It’s very important to keep in mind that, even in the midst of an argument, you’re still on the same team and you’re still a couple. Which is why asking things like “Do you even love me?” tend to be a bad idea.
Experts say that a disagreement shouldn’t invalidate their feelings for each other. By questioning your partner’s love, you’ll only worsen the situation, causing both of you to miss the point that caused you to argue in the first place. It’s possible to love each other and still have arguments. In fact, your feelings for each other will allow you to overcome the fight and learn something from it.
6. “Why can’t you be more like…?”
Comparing your partner to someone else, be it a friend or even a neighbor, can be seriously damaging. It basically raises the idea that you think your partner isn’t good enough for you and that you’d wish to have a different person as your loved one.
It’s important to know the reason why you said what you said. Is it because you may have too high expectations? Or perhaps you’re in an unhappy relationship. But if neither of the two describes you or your relationship and you still have feelings for your partner, chances are you’ve said it because you were mad.
This doesn’t mean that you can’t sometimes wish for your partner to be more like this or that. For instance, if you want them to have more patience, try to ask them, “How can I help you to be more patient?”
7. “You’re just like your mother/father.”
This is a card that some partners tend to play regularly, whether they are men or women. It tends to be brought up in relationships where one partner doesn’t get along with the other partner’s parent(s).
Drawing a negative correlation between your partner and one of their parents is like throwing gas on a fire. You can’t expect to solve an argument with your loved one if you say something like this. In fact, the whole disagreement can become worse.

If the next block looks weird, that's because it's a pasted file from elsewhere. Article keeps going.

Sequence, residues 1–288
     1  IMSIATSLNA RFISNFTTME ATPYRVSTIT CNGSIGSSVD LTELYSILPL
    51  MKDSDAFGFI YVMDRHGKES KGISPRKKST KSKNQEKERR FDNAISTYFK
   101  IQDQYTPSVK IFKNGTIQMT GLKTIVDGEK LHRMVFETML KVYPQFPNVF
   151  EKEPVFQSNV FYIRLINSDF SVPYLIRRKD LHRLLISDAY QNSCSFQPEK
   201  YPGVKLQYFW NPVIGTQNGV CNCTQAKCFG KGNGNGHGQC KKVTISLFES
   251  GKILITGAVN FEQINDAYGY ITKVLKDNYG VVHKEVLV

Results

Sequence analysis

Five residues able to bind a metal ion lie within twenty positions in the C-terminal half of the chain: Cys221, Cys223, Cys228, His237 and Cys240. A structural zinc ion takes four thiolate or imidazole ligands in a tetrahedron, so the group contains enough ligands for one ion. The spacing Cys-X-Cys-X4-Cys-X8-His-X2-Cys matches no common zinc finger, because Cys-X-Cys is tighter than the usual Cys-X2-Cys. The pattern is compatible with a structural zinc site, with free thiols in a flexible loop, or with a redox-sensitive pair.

According to therapists, those are the things that you can’t really take back. Even if you say you didn’t mean it, there’s still a shred of truth in you that believes this. The point here is that thinking your partner’s flaws are the same as their mother’s is one thing, but throwing them in their face is completely different.
8. Throwing around insults
Insulting your partner is very unhealthy and toxic, especially since insults can ring in their ears after the argument is over. When you’re feeling hurt or angry, it can feel good, and it’s tempting to sling an insult at your loved one.
Words like “stupid,” “pathetic,” or “worthless” can hurt the other person, making them either withdraw or counterattack. Moreover, personal attacks don’t help solve an issue. They only serve to arouse emotions. Whether you think the other person deserves those words or not, it’s always best to maintain respect and focus on the reason for the argument.
Talk about what you’re mad about or what your partner did to upset you without calling them names.
9. “I hate you.”
Here’s another awful thing you should never say to your partner during an argument. It’s no wonder why. Hate is an incredibly strong word, and by telling your loved one that you hate him, you’re basically saying that you hate him as a person, not just something that they did.
Maybe no one has ever told you that they hate you, but let me tell you something. These words aren’t easily forgotten. You can despise poverty, illnesses, or bad guys who do bad things, but you should never use that word on your partner, no matter how hurt or angry you are.
10. “I don’t need you.”
This is another hurtful example of one of the things you should never say to your significant other during an argument. We all want to feel needed by those we love. Telling your loved one that you don’t need them could even make your partner think that they aren’t enough for you.
According to therapists, this is usually what triggers those with abandonment issues. People struggling with this often fear that if they are no longer needed, they will be left or replaced by someone else. Here’s a book that may help you understand these issues better.
Instead of blurting these words during an argument, try to think about what may be making you feel this way. Are you trying to overcompensate for some feelings of codependency, perhaps? Or do you want to assert the fact that you could happily live without your partner? Consider what’s really happening instead of telling your loved one you don’t need them.
You may also want to read 8 Signs You Need Couples Therapy in Retirement.